South Ossetia crisis deepens as protesters defiant
The crisis in Georgia's rebel region of South Ossetia deepened Friday as demonstrators angry about the cancellation of leadership poll results refused to end their protests.
Supporters of opposition leader Alla Dzhioyeva, who proclaimed herself president despite a court decision to cancel poll results, set up a tent camp in the central square of the main town Tskhinvali.
Some 50 people braved nighttime temperatures touching minus 10 degrees celsius and they were joined by at least 100 more in the morning, an AFP correspondent reported. Benches were set up and tea laid on, in a sign they were preparing for a long haul.
Some 700 people had protested the day earlier in the tiny Moscow-backed province that was the focus of the 2008 Georgia-Russia war and Dzhioyeva vowed to continue the demonstrations until her victory was recognised.
"There will be mass protests and we will not go away," she said in comments reported by the Interfax news agency.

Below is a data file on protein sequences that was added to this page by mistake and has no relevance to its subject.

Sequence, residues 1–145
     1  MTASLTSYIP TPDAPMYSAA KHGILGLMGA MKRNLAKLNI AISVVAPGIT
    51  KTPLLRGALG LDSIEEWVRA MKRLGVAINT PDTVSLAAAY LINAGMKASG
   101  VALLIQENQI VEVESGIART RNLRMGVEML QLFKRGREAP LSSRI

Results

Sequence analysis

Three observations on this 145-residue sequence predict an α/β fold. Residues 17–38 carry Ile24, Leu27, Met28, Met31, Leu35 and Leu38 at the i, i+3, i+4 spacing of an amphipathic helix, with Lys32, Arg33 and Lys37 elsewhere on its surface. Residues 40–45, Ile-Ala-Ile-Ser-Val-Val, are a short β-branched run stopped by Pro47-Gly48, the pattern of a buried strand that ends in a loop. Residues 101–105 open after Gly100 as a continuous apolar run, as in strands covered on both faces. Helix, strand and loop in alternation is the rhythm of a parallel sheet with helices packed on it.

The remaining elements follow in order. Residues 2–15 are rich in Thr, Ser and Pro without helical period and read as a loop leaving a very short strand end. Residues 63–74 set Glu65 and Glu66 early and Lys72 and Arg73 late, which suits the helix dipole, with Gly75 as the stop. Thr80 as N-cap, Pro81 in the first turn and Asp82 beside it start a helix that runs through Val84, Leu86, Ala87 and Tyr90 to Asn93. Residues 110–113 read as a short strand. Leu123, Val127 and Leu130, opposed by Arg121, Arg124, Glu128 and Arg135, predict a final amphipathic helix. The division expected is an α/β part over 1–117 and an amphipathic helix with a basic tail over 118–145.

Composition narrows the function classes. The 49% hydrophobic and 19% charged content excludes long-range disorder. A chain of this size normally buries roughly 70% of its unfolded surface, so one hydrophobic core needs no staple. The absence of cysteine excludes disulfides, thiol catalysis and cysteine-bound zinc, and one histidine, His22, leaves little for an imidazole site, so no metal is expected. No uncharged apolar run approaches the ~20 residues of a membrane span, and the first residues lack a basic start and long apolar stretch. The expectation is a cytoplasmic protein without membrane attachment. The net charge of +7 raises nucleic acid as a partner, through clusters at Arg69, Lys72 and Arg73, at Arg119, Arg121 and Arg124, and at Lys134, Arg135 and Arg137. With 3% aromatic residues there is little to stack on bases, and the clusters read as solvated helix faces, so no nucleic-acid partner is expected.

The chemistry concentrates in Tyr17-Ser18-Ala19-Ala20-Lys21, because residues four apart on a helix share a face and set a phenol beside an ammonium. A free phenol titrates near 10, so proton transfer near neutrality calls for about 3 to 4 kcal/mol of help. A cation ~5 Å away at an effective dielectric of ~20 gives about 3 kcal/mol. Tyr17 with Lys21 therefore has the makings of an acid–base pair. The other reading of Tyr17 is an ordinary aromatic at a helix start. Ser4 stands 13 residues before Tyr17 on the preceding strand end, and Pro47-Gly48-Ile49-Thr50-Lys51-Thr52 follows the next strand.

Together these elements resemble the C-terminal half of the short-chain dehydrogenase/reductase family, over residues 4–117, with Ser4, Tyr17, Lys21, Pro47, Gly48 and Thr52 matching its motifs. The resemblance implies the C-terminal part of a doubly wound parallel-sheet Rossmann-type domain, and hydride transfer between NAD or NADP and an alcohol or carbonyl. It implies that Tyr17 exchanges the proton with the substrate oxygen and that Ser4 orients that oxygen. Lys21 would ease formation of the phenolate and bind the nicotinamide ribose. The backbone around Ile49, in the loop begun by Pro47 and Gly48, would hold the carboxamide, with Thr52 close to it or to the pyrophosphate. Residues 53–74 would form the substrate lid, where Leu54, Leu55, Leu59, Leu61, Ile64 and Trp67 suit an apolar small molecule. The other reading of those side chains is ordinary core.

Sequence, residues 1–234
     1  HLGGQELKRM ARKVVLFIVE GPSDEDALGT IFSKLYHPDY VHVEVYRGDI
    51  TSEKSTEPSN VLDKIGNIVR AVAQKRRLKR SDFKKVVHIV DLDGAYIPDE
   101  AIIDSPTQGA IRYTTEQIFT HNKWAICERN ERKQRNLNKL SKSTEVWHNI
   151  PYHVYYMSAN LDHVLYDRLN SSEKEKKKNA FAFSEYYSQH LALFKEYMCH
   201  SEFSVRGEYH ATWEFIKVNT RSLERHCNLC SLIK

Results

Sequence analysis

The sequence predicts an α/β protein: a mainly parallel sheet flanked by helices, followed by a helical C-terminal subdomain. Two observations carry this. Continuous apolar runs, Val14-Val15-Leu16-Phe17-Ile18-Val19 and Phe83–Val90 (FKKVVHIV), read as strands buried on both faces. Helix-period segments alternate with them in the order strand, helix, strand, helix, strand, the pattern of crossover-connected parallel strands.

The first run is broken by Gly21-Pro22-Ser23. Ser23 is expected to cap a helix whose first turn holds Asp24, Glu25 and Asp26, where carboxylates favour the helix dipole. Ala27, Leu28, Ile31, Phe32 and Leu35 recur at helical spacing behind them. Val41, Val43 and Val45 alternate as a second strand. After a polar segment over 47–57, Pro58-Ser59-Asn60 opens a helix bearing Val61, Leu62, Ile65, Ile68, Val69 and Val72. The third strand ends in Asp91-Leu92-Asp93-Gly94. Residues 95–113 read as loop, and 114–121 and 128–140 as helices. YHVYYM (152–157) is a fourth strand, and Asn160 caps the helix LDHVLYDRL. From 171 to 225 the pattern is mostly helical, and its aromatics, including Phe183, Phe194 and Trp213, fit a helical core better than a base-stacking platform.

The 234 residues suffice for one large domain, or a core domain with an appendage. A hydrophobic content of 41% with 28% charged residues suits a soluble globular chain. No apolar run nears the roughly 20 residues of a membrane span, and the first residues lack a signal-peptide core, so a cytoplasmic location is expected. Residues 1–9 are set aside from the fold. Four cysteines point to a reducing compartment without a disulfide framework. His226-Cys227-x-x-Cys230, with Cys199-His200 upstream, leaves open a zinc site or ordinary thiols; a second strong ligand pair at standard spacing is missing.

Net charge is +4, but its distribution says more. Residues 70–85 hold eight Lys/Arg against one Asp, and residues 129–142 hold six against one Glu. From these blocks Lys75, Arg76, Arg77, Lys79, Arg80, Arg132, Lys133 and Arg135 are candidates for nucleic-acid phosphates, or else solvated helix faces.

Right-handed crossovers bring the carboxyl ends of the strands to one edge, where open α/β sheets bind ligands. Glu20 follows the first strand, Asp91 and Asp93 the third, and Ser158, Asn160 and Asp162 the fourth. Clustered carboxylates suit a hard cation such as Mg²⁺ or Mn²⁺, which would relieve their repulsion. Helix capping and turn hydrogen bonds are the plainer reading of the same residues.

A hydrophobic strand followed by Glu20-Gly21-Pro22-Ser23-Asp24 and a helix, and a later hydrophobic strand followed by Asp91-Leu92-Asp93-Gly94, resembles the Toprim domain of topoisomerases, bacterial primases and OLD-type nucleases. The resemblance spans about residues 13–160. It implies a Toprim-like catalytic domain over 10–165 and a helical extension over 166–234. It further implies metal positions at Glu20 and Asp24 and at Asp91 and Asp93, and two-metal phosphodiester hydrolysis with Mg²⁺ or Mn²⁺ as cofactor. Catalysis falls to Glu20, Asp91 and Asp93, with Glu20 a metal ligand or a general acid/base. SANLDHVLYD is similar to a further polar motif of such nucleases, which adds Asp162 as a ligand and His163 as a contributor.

South Ossetia's patron Moscow has sent presidential administration official Sergei Vinokurov to the impoverished region in an attempt to calm tensions, but his closed-door talks with Dzhioyeva on Wednesday ended without results.
The security forces who still go by their Soviet-era name KGB have maintained a high-profile presence, with officers in camouflage uniforms armed with automatic rifles cordoning off government buildings.
Protesters however have entrenched their position in Tskhinvali's snow-covered central square, keeping warm by lighting bonfires and holding banners with slogans like "It's better to die standing than live on your knees".
Outgoing strongman leader Eduard Kokoity on Wednesday rejected an ultimatum from Dzhioyeva to reverse the annulment of her surprise poll victory last weekend over a Moscow-backed candidate.
Moscow recognised the independence of South Ossetia and another breakaway Georgian region, Abkhazia, shortly after the 2008 conflict with Tbilisi despite other world powers insisting both territories remain an integral part of Georgia.
© 2011 AFP